Friday, June 29, 2012

Guns, Gold, Girls: Epic running songs pt 1

This is one of my favorite running songs right now. The song starts at 1:30 and it is well worth watching the link as I think of this as I run. As one kayaker says "I would be proud to say that I did this, but I'm racing it" a philosophy that is HUGE in running:

What does it mean to say that "it's never going to be enough?" To me it means that I'm never going to give up on life, it's how I feel about life, I "will not go gently into the night" (Dylan Thomas). To me it means what I tell myself and patients every day, that what feels impossible emotionally and physically is something that is worth striving for, because without having worked towards that goal day in and day out, you still don't know if you can attain it. It means that you can survive a lot worse circumstances than you expected because it takes so much more to break your body.

No surprise, I think of my mom and how when we were in the hospital for those three weeks following her first seizure she could finally walk to the end of the hall and part of the way back (with a walker and the support of her two physical therapists). Then the next day when she got her diagnosis of brain cancer she couldn't even stand much less walk. It all felt impossible. She was diagnosed with a rare form of brain cancer that meant she would live for 3-9 more months. Over that time she would have several seizures, lose all capabilities, walking, feeding her self, bowel/bladder fundtion, until she could only move her eyes. At this point her organs would slowly shut down and then she would die. So walking felt pretty f-ing impossible for her at that moment.

I brought her to the end of the hall in her wheelchair, where she could see sunlight, and sat and talked to her. I had prepared for this moment and had expected the diagnosis. I had read every last paper on her form of brain cancer, about what treatments could possibly give her a chance to survive. I told her we had a plan, and kept talking, and don't remember what else I said but finally something worked. She reached for/grabbed for my espresso, a sign of her still wanting something!

My dad intervened. No stimulants... no caffeine. Your mother had a seizure. DAD! Mom is smiling, mom is excited about something, give her what she wants she just got a death sentence... And caffeine is NOT potent enough to cause a seizure, especially with all the anti-seizure meds. So I gave it to her and he took it away and complained of sharing germs. I asked her if she wanted one, she said yes. My dad protested, so I said oh dad, it will be decaf, and winked at my mom.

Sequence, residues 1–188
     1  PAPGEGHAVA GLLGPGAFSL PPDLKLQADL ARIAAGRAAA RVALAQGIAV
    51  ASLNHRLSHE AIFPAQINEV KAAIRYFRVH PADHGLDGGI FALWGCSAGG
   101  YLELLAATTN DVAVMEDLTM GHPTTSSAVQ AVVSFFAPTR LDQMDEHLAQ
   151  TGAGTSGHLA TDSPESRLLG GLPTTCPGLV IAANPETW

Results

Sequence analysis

I sprinted down the stairs, got her an espresso, fully caffeinated, and ran it back to her and assured my dad with many more winks in my mom's direction that it was decaf. My mom, with a shit-eating grin and mischievousness in her eyes guzzled it down, a little drop running down her chin.

Then I knew I had to move back home. My mom and dad were fully in love but someone had to develop the desire to live in my mom and make sure she enjoyed what she had left so she would fight for the ability to walk or eat or anything and my dad was just much too blinded by his misery to be able to do that.

Every day I bought my mom the most expensive, foofiest caramel-latte-whip cream drink on the menu at Starbucks and every day my mom drank it as fast as she could while I reassured my dad that it was decaf (sometimes it actually was, when I felt really guilty about disobeying my dad for months on end). And afterwords she would beam and sparkle. Eventually she lost much of her short term memory and no longer remembered drinking the foofy latte afterwords, which was hard, as the only external proof of my daily effort was an empty bank account.

But when I hear this song, I think of that sparkle in my mom's eye and knowing oh, she has some life in her. Like in One Flew Over The Cuckoo's Nest, where tapping into your inner rapscallion is intrinsic to healing and health and will to live. No, it's never going to be enough and I hope all my patients feel the same.

Then, thinking of this, I pick up my feet, improve my cadence, and enjoy the freedom of running.

An image of my mom and I at christmas about a month before her first seizure, toasting wine glasses after having spent 4 hours making tortelini from scratch (i.e. making the pasta dough from flour, etc)

1 comment:

  1. Your mom was lucky to have you with her and you were lucky to be in a place where you were able to be with her.

    We miss you, hope Chicago is good to you!